HEALTH NEWS: Democrats’ Plan for South would Win Big, but South Hospitals Fear Funding Losss

dWeb.News Article from Daniel Webster dWeb.News


[UPDATED at 1 p.m. ET]

At least 2.2million low-income adults in Texas and the Southeast would be eligible to receive government-funded insurance under the Democrats’ $1. 75 trillion social spending and climate change plan.

That’s the number of people who are eligible for Medicaid under the Affordable Care Act but have been left uninsured because they live in one of the dozen states that have not expanded coverage under the 2010 law. They are in the coverage gap — with incomes too high to qualify for Medicaid, but below the $12,880 annual federal income minimum for an individual to qualify for subsidized coverage in the insurance marketplaces created by the ACA.

An estimated 60% of those caught in that Medicaid coverage gap are Black or Hispanic, according to the Center on Budget and Policy Priorities. And nearly two-thirds of those in the gap live in one of three Republican-controlled states: Texas (771,000), Florida (415,000) and Georgia (269,000), according to a KFF analysis.

The plan that President Joe Biden announced after negotiations with key Democratic legislators in Congress would allow those in the gap to be eligible for ACA Marketplace subsidies for four years, starting in January. They would get additional cost-sharing protections starting in 2023 that would bring their out-of-pocket costs close to zero.

To encourage existing Medicaid expansion states to maintain their coverage levels, the bill would raise the 90% federal matching rate for the expansion population to 93% from 2023 through 2025.

To help pay for that coverage and incentivize holdout states to expand Medicaid, starting in 2023 the plan would permanently cut billions in special federal Medicaid funding to the non-expansion states that helps hospitals with disproportionately high rates of uninsured or Medicaid patients.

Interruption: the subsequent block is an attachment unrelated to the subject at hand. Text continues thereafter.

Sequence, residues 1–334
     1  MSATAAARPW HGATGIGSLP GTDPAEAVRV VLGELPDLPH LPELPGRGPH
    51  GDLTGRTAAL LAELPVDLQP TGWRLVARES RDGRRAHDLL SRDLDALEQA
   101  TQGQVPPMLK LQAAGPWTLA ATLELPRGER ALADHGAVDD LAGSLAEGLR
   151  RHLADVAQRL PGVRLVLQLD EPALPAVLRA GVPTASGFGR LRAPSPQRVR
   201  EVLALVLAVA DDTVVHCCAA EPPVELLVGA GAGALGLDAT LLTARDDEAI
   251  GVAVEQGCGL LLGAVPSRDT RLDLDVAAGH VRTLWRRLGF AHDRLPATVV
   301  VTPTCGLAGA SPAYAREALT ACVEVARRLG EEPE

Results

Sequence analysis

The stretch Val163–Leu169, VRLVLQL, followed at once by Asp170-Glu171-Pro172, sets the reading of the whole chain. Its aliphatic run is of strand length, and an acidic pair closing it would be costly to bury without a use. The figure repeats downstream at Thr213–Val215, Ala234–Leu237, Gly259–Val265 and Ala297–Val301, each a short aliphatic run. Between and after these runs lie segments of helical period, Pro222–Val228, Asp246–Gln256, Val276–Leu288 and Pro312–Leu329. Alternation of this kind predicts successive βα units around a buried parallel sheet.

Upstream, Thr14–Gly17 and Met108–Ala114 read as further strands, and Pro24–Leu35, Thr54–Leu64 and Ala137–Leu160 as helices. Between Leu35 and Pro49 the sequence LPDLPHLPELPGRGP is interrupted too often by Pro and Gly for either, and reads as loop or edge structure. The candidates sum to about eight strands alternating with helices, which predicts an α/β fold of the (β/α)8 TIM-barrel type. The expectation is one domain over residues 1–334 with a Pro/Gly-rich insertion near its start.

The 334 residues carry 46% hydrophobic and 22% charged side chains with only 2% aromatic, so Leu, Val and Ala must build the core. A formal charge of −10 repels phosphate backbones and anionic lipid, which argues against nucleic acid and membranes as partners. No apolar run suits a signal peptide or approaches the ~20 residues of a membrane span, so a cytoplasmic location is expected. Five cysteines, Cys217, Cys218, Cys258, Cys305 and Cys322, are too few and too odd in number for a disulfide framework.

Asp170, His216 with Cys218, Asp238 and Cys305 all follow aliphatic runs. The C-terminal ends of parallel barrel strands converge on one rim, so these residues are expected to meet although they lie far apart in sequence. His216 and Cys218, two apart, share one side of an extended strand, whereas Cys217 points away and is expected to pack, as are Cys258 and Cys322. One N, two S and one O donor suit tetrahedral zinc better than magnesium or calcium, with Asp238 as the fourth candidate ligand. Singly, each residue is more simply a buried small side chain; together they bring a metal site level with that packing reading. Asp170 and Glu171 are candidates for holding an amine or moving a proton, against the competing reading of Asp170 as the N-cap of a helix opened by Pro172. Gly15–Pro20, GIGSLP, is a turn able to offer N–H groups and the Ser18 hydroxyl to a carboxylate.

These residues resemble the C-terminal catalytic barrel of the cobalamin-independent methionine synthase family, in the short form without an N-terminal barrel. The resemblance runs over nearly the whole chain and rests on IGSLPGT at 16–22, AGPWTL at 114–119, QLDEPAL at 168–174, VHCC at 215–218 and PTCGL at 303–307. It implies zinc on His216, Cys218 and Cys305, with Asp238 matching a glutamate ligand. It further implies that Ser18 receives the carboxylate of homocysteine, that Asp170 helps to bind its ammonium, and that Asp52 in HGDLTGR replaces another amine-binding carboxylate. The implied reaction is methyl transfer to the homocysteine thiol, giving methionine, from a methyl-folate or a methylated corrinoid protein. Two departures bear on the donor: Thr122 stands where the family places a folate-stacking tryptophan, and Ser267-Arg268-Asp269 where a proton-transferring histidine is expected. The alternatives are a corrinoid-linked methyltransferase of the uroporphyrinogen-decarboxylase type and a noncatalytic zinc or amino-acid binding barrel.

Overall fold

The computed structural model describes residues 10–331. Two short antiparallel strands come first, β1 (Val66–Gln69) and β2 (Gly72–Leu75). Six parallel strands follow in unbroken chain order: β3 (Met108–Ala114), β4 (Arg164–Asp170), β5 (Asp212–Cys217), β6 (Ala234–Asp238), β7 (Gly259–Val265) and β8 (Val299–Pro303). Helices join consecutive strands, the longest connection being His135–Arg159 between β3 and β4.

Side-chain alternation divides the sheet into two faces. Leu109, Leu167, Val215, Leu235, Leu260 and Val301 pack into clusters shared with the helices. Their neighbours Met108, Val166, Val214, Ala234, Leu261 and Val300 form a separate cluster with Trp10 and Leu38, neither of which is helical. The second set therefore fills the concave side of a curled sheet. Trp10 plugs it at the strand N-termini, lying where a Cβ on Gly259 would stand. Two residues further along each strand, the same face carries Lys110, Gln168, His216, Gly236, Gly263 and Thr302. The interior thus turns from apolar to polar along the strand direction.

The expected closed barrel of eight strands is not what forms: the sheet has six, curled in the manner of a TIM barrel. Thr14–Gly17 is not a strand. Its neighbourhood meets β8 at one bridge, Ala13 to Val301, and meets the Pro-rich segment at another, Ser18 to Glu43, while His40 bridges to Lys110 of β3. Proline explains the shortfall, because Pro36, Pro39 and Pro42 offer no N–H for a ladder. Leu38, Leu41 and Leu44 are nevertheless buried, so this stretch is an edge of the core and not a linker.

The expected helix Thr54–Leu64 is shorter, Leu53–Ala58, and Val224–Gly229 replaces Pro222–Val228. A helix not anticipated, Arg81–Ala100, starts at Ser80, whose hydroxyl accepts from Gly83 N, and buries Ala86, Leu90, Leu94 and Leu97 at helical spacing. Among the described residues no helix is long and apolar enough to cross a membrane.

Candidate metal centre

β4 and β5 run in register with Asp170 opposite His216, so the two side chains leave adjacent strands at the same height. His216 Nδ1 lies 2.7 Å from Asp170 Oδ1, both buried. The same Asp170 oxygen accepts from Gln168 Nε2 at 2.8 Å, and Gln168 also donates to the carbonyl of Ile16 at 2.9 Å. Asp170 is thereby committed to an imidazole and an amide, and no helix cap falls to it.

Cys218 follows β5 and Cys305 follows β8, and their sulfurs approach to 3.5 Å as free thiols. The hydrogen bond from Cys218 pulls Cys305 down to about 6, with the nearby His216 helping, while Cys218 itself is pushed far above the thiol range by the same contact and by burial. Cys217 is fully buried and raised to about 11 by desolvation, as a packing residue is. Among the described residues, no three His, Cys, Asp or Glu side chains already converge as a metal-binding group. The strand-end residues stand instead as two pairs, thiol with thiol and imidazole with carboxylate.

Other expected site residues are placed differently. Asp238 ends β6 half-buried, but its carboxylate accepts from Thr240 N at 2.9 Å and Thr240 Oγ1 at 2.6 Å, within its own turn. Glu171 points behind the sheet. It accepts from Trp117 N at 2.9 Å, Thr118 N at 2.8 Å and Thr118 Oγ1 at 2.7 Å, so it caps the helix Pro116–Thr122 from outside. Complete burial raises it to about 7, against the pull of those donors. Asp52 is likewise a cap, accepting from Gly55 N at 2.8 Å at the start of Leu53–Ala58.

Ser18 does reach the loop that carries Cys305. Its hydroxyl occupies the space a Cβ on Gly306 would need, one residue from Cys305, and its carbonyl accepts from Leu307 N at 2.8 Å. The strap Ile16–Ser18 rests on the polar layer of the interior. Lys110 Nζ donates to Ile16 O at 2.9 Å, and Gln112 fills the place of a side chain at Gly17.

Hospital industry officials are worried that losing these special funds will mean less money for services. “We are always in favor of coverage growth,” stated Beth Feldpush senior vice-president of America’s Essential Hospitals. This group represents hospitals that care for many uninsured and poor patients. “Our concern is that it is paired alongside cuts to the safety network and… that is an double-edged sword .”

The American Hospital Association has estimated those funding cuts would total as much as $7.8 billion over 10 years. Industry groups say hospitals need the extra Medicaid funding to handle the more than 25 million people who would remain uninsured even after the coverage expansion.

But an analysis by Matthew Fiedler for the USC-Brookings Schaeffer Initiative for Health Policy released Thursday found the expanded coverage would lift profit margins of hospitals in the non-expansion states by $11.9 billion in 2023 alone. Two main factors are cited in the report: hospitals receiving payment for services they provide but not currently getting paid for; and hospitals seeing greater demand as more people gain coverage.

Marketplace plans typically pay higher reimbursement rates that Medicaid, but often have higher deductibles. This can make it difficult for patients and providers to collect.

The massive spending package rests on Senator Joe Manchin (D-W.Va.), who is crucial. Democrats can’t afford to lose one party member vote in the 50-50 Senate, where Vice President Kamala Harris would break any ties and the GOP stands firmly against any government expansion. Manchin has yet to say whether he will support the package.

Consumer advocates are ecstatic that Congress may no longer wait for intransigent Republican-controlled legislatures and governors to expand Medicaid. Republican leaders have cited a host of reasons for resisting, including that their states can’t afford the 10% match and that nondisabled adults don’t deserve Medicaid. Because it is not covered by Medicaid, the expansion could not be blocked by states. Medicaid is jointly funded in part by the federal government and the state governments.

” This is a big deal,” stated Anne Swerlick, an attorney for public interest in Tallahassee that has advocated for the expansion of Medicaid in Florida. It would make a huge difference in quality of life for the tens of thousands Floridians who are caught in this gap. It will often be a lifesaver